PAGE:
What’s this fascination with Germanic languages?

Raymond Chen

Some people wondered about my fascination with Germanic languages and asked why I didn’t branch out to other language families. It’s basically laziness. I grew up speaking English (and a little of the Holo dialect, most of which has by now vanished from disuse), then studied German in high school and college, and most recently added Swedish in preparation for a trip there. Swedish was easy to pick up because it nestles nicely between German and English. And that’s when I realized that laziness was the key: If you always pick a language close to the ones you already know, it will not be so hard to learn. So my list of languages follows a chain of closely-related languages, so each one can be used as leverage for the next. Except for Icelandic, which strikes me as “like German, before the Germans decided to simplify their grammar” – that has its own appeal. I saved it for last. I have colleagues who speak Dutch and Afrikaans, so learning those languages would allow me to confuse and annoy them. Because that’s the main reason for learning a language: To confuse and annoy. (One of my South African colleagues describes Afrikaans as “the language you get when you throw a bunch of Dutchmen into the bush and have them chased by lions for a few hundred years.”) I have a former colleague who has since returned to Denmark. We always teased him about his native country and language when he was around, and he was a good sport about it. He’s the one who taught me the phrase “En gang til for prins Knud“. I removed Danish from the list of Germanic languages partly to tease him from afar and partly because the strange Danish pronunciation scares me. But for now, my pan-Germanic ambitions are on hold. As the Swedes out there already know, I’ve started studying Mandarin Chinese Even though I grew up with a tonal language (Holo has seven tones, as opposed to just the four of Mandarin), I never got very good at pronouncing the tones, even though I can hear the difference easily in most cases. So I’m in the embarrassing position of speaking badly and recognizing it immediately.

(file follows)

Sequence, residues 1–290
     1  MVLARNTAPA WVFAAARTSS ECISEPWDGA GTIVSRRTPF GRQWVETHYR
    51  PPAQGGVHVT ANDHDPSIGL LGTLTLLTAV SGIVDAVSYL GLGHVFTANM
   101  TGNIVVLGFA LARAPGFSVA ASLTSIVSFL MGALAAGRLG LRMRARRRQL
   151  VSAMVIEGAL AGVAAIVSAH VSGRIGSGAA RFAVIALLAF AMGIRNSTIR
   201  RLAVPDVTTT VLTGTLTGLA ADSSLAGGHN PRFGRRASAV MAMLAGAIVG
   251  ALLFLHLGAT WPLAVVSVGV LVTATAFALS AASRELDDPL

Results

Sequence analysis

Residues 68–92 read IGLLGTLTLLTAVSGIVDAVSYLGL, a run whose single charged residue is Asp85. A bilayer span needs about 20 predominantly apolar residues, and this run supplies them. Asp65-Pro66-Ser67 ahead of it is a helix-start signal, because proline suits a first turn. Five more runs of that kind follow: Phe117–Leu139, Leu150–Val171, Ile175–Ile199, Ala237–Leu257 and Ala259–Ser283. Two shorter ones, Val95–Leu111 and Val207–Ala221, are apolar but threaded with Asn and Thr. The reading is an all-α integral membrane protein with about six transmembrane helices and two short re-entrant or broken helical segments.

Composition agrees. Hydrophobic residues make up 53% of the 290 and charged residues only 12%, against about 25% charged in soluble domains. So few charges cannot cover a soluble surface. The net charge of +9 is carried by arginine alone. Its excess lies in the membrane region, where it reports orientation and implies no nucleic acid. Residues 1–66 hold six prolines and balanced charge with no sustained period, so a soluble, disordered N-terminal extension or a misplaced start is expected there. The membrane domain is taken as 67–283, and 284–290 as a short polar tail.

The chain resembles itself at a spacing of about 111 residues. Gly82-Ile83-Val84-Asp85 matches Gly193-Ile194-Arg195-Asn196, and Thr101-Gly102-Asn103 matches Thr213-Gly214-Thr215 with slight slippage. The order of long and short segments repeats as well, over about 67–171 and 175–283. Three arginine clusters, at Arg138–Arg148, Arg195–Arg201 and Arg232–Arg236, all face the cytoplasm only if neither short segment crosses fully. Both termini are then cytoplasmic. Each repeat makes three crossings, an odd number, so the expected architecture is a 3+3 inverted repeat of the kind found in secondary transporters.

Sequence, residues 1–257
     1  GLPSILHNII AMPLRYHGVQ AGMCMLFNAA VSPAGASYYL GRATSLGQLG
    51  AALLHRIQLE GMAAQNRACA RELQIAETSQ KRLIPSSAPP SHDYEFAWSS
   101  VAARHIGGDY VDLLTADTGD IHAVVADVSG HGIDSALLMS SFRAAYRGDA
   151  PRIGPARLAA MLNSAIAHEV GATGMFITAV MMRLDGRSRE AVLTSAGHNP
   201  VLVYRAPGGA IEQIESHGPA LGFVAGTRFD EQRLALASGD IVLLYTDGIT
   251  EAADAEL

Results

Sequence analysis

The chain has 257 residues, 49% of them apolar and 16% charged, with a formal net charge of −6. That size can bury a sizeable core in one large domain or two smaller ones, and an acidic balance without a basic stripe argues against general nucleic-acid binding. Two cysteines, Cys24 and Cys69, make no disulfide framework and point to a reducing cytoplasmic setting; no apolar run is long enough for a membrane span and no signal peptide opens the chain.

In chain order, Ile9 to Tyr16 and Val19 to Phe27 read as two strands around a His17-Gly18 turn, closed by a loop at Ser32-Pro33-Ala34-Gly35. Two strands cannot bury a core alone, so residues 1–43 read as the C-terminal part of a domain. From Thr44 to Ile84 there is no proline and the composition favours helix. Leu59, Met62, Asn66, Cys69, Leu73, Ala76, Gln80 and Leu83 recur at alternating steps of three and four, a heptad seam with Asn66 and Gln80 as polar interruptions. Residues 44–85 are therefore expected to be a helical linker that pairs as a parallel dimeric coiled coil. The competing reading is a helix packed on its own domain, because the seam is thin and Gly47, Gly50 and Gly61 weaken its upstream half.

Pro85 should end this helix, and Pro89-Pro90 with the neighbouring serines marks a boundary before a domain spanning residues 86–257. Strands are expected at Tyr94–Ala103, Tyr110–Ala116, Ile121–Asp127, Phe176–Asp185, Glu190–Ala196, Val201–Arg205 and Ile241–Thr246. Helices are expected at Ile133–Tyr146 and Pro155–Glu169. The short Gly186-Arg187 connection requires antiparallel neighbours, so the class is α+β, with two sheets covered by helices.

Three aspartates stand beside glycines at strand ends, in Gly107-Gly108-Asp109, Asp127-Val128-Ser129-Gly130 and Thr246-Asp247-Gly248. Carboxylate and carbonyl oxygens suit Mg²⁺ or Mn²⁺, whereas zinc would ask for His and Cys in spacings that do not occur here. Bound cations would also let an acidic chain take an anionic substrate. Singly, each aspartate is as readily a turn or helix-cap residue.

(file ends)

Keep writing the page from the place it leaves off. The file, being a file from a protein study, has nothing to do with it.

Update: With some help from my father, I think I figured out the Mandarin third tone, which was the only one I had been having trouble with. The trick: The way the books explain how the third tone works does not match the way people pronounce it in real life. But the way the books explain it is so deeply ingrained in the way people think about the pronunciation of the tone that they continue to insist that’s how it’s done even though it isn’t.


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